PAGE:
Mr. Macron said he was having discussions with President Abdel Fattah al-Sisi of Egypt and King Abdullah “to be able together to see how we make a concrete proposal.” It is “absolutely necessary” to end hostilities, he said.

Jeremy Issacharoff, Israel’s ambassador to Germany, said in an interview that Israel had been afforded a high degree of legitimacy and room to maneuver in the past week by some world leaders after Hamas began launching rockets toward Jerusalem and other cities on May 10.

That stance recognized Israel’s right to defend itself and its citizens by neutralizing fire from Gaza and ensuring deterrence, he said. But that could change now that the conflict has entered its second week, he added.

“People are still worried it could escalate further,” Mr. Issacharoff said. Ms. Merkel had been “very supportive” of Israel when she spoke to Mr. Netanyahu on Monday and also “expressed her hope for an end to the hostilities as soon as possible,” he said.

France, the only E.U. member of the U.N. Security Council, has also pressed for a quick cease-fire. Mr. Macron said Monday that “there needs to be a process for a cease-fire as quickly as possible and construction of a possible path to discussions between the different protagonists.”

He and Mr. al-Sisi agreed that it was “absolutely necessary” to end the hostilities, according to Mr. Macron’s office, adding that the president had renewed his support for Egypt’s mediation efforts.

Last week, Mr. Macron spoke to the Palestinian Authority leader Mahmoud Abbas. But Mr. Macron could not get Mr. Netanyahu on the phone last Thursday, because the Israeli leader “was not available for a phone call that day,” according to Mr. Macron’s office. The two spoke on Friday.

France’s foreign minister, Jean-Yves Le Drian, has also been engaged with his American, Israeli, Palestinian, Jordanian and Egyptian counterparts.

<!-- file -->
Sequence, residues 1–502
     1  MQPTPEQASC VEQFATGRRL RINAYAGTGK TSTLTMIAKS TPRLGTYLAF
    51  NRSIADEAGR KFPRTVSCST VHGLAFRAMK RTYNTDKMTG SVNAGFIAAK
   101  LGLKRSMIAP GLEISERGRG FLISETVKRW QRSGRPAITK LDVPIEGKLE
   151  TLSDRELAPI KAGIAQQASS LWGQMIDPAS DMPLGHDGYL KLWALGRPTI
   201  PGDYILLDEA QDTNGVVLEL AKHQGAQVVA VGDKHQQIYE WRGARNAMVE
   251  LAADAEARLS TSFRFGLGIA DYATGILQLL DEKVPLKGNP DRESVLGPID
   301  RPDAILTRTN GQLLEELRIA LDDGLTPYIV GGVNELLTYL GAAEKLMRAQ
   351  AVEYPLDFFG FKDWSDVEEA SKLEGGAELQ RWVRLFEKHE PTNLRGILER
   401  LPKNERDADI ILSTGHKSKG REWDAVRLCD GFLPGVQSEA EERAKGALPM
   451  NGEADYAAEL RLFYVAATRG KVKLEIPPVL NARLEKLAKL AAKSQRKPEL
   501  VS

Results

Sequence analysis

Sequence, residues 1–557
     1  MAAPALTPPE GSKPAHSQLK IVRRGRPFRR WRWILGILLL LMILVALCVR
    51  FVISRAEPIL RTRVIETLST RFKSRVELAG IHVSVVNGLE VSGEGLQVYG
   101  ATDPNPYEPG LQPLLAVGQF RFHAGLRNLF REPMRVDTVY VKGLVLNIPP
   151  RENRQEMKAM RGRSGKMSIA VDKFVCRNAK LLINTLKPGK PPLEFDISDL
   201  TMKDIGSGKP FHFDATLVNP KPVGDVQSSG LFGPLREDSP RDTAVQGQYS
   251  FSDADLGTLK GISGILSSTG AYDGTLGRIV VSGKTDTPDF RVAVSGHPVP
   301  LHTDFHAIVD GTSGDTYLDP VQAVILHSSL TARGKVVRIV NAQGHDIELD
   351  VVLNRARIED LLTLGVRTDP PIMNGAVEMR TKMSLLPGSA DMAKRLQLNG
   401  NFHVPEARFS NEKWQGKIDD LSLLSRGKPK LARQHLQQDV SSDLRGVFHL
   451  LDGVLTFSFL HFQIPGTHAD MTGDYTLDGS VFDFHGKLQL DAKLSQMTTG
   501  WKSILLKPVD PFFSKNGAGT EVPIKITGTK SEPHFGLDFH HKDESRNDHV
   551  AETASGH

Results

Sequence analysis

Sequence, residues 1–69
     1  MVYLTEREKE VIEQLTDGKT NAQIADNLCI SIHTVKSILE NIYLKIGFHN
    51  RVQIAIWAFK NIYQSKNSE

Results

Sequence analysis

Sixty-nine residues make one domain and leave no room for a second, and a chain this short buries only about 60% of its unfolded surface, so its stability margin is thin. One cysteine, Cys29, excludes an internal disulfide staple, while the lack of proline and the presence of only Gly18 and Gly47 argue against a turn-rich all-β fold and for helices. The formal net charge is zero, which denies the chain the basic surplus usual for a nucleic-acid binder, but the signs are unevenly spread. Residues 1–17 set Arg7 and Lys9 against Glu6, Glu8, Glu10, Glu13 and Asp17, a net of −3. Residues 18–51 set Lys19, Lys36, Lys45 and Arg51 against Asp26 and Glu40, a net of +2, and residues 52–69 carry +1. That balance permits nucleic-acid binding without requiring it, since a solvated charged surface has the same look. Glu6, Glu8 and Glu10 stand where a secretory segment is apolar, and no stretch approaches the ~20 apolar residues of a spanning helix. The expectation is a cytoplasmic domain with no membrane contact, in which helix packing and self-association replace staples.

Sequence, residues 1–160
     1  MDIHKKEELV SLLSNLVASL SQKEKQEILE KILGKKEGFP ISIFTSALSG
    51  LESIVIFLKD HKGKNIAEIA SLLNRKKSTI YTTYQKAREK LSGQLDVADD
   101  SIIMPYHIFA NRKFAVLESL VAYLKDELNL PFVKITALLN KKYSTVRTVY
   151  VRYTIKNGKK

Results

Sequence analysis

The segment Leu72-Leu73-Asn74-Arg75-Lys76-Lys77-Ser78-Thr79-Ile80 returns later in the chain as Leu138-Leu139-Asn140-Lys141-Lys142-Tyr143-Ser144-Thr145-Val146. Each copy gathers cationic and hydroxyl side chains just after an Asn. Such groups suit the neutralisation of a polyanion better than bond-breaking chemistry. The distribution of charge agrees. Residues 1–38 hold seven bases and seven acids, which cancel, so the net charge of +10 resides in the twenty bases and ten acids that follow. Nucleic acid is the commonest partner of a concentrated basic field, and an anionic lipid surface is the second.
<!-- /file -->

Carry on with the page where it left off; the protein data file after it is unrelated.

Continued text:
Mr. Borrell, the E.U. foreign policy chief, has issued statements on his own that call on Hamas to stop firing rockets and for Israel to “act proportionately and avoid civilian casualties.”

But the European Union is divided as usual. Even at the Security Council debate on Sunday, the E.U. representative’s statement could not be issued on behalf of member states because Hungary, which is strongly pro-Israel, had objected.

Foreign Minister Peter Szijjarto of Hungary criticized E.U. statements on Israel as unhelpful. “These are usually very much one-sided, and these statements do not help, especially not under current circumstances, when the tension is so high,” he told the Agence France-Presse news agency.

Other European member states, such as Austria, Bulgaria and Romania, are similarly steadfast in supporting Israel, while countries like Belgium, Luxembourg and Sweden are more critical of Israeli military responses and expansion of settlements in occupied territory.

Peter Stano, a spokesman for the European Commission, said on Monday that the main goal was to end the military conflict. In general, he repeated that the European Union regarded Israeli settlements in the occupied territories as illegal and that Brussels had urged reconsideration and restraint in regard to threatened evictions of Palestinians from East Jerusalem.

“The representatives of the European public, the ministers of foreign affairs in this case, are trying very hard to deal with the situation and find the best possible contribution by the E.U. to de-escalate and stop the violence,” he said. “And I think that’s it. I can only repeat that of course the casualties are unacceptable.”

Isabel Kershner contributed reporting from Jerusalem.